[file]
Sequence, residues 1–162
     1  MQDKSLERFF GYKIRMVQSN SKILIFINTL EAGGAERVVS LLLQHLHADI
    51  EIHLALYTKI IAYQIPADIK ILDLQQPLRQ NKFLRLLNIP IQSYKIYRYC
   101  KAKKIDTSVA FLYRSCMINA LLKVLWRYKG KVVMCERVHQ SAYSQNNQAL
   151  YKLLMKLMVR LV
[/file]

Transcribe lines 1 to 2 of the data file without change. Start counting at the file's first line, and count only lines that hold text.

Sequence, residues 1–162
     1  MQDKSLERFF GYKIRMVQSN SKILIFINTL EAGGAERVVS LLLQHLHADI